Because the words of the contracts are thus ambiguous, we turn to an examination of the surrounding circumstances for aid in their interpretation. Hellenic says that we may not do this, that we must find the meaning of the charter parties within the four corners of the instruments, and that it was error for the trial court to admit evidence of the negotiations leading up to the signing of the September 7 charter. We do not agree. Previous negotiations, as well as other circumstances surrounding the contract negotiations, are admissible
When we look to the negotiations leading to the signing of the charter parties, we find clear support for Glidden's interpretation. At the time of these negotiations, the Egyptian government had already nationalized the Suez Canal and the possibility of war in the Sinai Peninsula and the closing of the Canal were discussed in the public press and were recognized by the parties. In prior contracts with National Lead Company for the carriage of cargoes of ilmenite between similar points, Hellenic had sought and obtained a clause specifically excusing performance by it in the event that eastward transit of the Canal was impossible.
What we have said thus far applies equally in rejecting Hellenic's arguments based upon the force majeure clause of the charters and § 4 of the Carriage of Goods by Sea Act. These provisions could only come into operation to exculpate Hellenic in the event it was prevented from performing by one of the causes therein described. Since we have already decided that Hellenic was under a duty to perform by an alternative route these provisions have no applicability.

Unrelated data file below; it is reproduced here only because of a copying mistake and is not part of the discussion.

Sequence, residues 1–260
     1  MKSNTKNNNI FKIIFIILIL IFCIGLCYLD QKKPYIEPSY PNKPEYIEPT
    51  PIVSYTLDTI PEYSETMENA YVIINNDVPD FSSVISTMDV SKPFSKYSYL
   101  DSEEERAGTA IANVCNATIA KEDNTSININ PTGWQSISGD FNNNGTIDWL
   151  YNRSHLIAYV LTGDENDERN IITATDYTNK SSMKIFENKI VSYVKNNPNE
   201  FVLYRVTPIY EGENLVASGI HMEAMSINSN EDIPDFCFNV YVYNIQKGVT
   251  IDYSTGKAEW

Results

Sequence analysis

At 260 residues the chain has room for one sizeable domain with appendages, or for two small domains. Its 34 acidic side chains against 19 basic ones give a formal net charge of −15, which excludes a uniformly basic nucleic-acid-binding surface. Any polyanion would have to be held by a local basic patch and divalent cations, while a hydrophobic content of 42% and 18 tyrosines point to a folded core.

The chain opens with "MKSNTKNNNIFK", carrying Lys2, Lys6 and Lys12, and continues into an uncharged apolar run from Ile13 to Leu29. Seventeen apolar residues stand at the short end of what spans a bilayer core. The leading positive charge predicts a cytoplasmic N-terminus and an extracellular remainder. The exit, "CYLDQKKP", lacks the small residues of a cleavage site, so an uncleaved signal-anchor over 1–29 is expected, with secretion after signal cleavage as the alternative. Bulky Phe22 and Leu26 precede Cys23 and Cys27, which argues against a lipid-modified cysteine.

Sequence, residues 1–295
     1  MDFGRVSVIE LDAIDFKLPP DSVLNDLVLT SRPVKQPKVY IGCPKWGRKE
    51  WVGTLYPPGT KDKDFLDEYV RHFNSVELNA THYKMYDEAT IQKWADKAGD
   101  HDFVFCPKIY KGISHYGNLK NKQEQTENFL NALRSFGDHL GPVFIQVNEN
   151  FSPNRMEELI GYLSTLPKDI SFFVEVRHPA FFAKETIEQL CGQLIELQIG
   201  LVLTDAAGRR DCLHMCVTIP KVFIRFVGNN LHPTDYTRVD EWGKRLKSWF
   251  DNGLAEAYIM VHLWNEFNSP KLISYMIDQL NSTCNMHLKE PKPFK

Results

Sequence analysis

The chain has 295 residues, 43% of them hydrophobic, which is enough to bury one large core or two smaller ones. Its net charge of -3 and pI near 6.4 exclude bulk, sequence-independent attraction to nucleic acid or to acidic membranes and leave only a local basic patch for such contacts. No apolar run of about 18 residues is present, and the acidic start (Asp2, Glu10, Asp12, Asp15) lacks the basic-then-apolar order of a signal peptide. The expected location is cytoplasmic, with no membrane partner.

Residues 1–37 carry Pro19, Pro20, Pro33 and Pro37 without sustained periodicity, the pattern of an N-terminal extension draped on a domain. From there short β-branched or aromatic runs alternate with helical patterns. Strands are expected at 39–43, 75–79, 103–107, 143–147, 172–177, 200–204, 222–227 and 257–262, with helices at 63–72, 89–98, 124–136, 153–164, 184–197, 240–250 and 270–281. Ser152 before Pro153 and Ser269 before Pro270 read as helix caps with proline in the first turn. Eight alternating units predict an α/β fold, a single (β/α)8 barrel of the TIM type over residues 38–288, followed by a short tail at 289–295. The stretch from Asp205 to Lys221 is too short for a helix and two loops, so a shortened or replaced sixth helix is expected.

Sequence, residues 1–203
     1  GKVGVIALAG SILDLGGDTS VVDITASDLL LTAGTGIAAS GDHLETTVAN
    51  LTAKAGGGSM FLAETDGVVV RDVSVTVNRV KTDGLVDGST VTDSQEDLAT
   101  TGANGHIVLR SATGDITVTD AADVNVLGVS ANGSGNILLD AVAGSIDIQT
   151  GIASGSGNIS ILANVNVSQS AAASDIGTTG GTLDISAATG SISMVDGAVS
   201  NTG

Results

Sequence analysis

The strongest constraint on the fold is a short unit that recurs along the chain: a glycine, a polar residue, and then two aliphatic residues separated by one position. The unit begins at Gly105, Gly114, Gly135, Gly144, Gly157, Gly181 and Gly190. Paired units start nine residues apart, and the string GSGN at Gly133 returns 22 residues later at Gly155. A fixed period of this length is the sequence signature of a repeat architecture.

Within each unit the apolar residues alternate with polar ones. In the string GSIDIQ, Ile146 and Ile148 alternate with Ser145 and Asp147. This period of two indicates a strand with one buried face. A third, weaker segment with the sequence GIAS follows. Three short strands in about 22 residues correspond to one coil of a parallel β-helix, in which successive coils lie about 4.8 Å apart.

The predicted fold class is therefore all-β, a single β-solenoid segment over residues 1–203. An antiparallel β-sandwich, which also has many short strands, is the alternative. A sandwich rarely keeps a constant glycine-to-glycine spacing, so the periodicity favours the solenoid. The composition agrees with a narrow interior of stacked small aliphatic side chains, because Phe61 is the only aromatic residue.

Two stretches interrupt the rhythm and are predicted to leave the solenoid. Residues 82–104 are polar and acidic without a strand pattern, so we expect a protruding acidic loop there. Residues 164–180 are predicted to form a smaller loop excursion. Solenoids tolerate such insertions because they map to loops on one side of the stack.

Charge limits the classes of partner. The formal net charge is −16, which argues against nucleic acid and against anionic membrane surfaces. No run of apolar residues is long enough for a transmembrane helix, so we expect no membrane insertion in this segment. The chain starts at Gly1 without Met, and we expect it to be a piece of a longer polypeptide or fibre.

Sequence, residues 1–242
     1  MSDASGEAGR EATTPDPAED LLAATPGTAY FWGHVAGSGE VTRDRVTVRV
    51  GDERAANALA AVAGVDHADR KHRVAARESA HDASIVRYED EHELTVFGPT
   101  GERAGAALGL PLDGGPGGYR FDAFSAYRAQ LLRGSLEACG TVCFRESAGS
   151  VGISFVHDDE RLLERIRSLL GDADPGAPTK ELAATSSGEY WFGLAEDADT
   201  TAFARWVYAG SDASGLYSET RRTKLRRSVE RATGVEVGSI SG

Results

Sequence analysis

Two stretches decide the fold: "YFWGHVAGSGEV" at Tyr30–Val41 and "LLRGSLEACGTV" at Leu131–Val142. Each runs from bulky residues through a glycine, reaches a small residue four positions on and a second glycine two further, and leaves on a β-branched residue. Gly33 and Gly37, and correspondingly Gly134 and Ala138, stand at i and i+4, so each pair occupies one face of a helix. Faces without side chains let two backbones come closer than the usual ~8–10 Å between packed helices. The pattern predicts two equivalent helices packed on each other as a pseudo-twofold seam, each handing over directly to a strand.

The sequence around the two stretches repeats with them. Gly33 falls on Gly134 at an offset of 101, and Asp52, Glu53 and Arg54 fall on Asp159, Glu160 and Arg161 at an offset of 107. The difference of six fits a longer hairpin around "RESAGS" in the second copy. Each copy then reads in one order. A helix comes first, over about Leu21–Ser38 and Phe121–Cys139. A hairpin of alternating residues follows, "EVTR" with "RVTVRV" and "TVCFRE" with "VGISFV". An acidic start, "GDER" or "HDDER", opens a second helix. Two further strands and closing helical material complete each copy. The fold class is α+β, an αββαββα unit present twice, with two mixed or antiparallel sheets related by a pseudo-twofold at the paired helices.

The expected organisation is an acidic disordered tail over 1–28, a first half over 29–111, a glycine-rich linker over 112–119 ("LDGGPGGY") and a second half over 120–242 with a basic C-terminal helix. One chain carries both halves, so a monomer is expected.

Hellenic raises two further arguments which relate only to the last
The first of these questions turns upon whether the parties intended to be bound at the time they orally agreed upon the terms of the contract or whether it was the intention of both of them, or the intent of either manifested to the other, not to be bound until a formal written document was executed. Banking & Trading Corp. v. Floete, 2 Cir., 1958, 257 F.2d 765; Restatement of Contracts §§ 25, 26. Here, the fact that the charters involved large sums of money, were to be performed over a considerable period of time, and contained numerous details all suggest that written agreements were intended. On the other hand, the fact that the contracts were similar to one previously agreed to by the parties and that the negotiations immediately preceeding November 1 were confined to bargaining about the freight rate suggests that the parties, once agreement was reached upon the price, intended to be bound. Moreover, a letter from Hellenic to Glidden's chartering broker, written on November 8, lends strong additional support to the trial court's conclusion. In this letter by Hellenic by its assertion that the three charter parties were frustrated by the closing of the Canal impliedly acknowledged that prior to this event it regarded the contracts as binding.
Similarly, the trial court's determination that Pendias was authorized to act for Hellenic is justified by the record. The same letter from Hellenic referred to above supports the view that Hellenic regarded its agent's conduct as binding upon it. There was also abundant other evidence to support the court's finding that Pendias had either authority or apparent authority to enter into the charters. He had signed the earlier charter for Hellenic by his own signature, as well as virtually all of the extensive correspondence among Hellenic, Glidden and Glidden's broker; all the negotiations with Glidden had been carried on by him alone.
Because the trial court decided that the charter parties were frustrated, it received no evidence and made no findings of the plaintiff's damages. We therefore remand the case for the determination of this question.
Reversed and remanded.
"Effective closure of the Suez Canal, preventing eastward transit of the Owners' vessels to the Persian Gulf-Indian Ocean area, shall be deemed to be frustration of the Owners' obligation to tender such vessels to the Charterers for loading and of the Charterers' obligation to ship under this Agreement, as long as the Suez Canal remains closed."